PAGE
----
A puppet master behind a television

What these television shows do is they try to teach us what to think. They show us the protagonist using, for example, a MacBook computer, leading us to believe that buying a MacBook will make us more like the ideal of the character in our favourite show. So we buy the MacBook computer, but nothing is really resolved in our lives, and so we continue to watch in an attempt to learn more from these actors. There’s some running theme to help keep us coming back for more while offering nothing of real value, except an euphoric feeling of want and desire. This fantasy fiction of television also relies on the Fear of Missing Out to keep us wanting to come back for more. We wouldn’t want to miss the episode when something groundbreaking might happen, that might change the lives of the protagonists forever. We become emotionally invested in these programs; we believe we relate to these actors, and so these actors become our “Friends,” and we want to know what’s going on in their lives. This is by design, so it all feels natural and easy. But when we’re not around our television and in real life, we feel a longing for something, because we become used to the ease of being told what to think. So they fixed that. It’s called a smart phone, and now we can bring television with us anywhere we go and can even interact with it.

a person addicted to their phone

The television that is our smart phones and tablets are watching us, to learn how to better manipulate us. The Youtube algorithm is designed to favour those content creators who are successful at selling us things without being obvious they’re selling us things. Twitter will make you feel like you’re even closer to your favourite celebrity, reinforcing the manipulation at hand, while Facebook will make sure the posts that make others feel greater discontent and want to buy more will get seen more often, getting us more likes. It’s the holy trinity of marketing that steals your attention for as many of your waking hours as possible. We can take our favourite shows with us anywhere we go. And now the same formula that had made television so addictive has been improved upon in the form of a television we can put in our pocket and take with us anywhere.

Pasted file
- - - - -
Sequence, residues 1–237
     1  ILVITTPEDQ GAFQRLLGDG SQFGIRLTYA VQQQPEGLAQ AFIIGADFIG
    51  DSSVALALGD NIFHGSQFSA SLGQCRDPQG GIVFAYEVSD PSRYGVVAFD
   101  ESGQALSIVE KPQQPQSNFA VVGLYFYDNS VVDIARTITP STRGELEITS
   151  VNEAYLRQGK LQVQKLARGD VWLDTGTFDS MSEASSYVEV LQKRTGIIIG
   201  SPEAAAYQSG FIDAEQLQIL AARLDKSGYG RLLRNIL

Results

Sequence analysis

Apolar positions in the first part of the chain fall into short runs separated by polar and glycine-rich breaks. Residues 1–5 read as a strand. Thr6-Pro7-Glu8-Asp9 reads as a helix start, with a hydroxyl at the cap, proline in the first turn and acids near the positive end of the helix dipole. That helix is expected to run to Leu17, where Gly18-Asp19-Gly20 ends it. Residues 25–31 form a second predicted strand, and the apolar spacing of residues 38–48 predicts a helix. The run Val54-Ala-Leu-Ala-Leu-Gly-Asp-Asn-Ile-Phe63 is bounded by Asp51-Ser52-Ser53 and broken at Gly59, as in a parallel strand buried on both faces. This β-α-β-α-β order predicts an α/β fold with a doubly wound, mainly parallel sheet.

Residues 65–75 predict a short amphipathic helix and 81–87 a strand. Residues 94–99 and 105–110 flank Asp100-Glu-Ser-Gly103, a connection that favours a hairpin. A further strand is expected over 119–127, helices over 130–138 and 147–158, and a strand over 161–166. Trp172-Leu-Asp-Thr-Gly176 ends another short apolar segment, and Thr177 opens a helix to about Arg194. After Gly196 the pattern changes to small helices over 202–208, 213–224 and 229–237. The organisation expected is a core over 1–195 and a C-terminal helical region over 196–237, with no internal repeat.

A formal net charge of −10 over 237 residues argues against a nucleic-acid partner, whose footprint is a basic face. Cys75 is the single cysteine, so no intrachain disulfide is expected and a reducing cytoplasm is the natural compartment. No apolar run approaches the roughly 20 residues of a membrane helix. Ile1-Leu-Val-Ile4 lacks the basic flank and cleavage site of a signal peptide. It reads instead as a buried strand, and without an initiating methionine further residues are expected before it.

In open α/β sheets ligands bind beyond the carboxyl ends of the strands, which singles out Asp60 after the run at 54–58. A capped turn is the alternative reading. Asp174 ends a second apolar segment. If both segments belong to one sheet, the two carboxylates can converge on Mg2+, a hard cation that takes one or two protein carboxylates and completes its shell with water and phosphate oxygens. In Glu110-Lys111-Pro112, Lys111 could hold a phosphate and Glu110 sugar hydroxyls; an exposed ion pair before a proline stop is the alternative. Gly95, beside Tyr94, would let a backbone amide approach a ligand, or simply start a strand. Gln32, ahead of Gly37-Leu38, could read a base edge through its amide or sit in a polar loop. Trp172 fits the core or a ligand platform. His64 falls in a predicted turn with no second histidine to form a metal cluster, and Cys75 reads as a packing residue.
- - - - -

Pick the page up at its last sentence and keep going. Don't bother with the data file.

The reason why I wish to highlight this problem is because our attention is too valuable of a commodity for us to give up. When I was raised on television, it was normalized in my life; I was not aware of how much of my attention was going to television. I was heading down a path of pursuing an unfulfilling “Career,” on a treadmill of perpetual financial and emotional debt, and never feeling satisfied nor really in control of my life. Attempting to live a lifestyle advertised to me by my favourite television programs, and, failing that, settling into a life of mediocrity saved only by endlessly turning my attention over to the television “Programming.” But once I stopped, it became easier to do things I once believed were too hard. Becoming an active participant in my life, thinking about my own mental and physical health. Learning how to do new things. Understanding what brings me value and what does not. Not being a slave to a brand or an image. To be able to choose freely. And, at the end, to be completely content with my life without a stream of television as I read a book, go for a walk with my wife, write a post, play a video game, or plan our next adventure, because the real fear of missing out is missing out on the potential of my own life.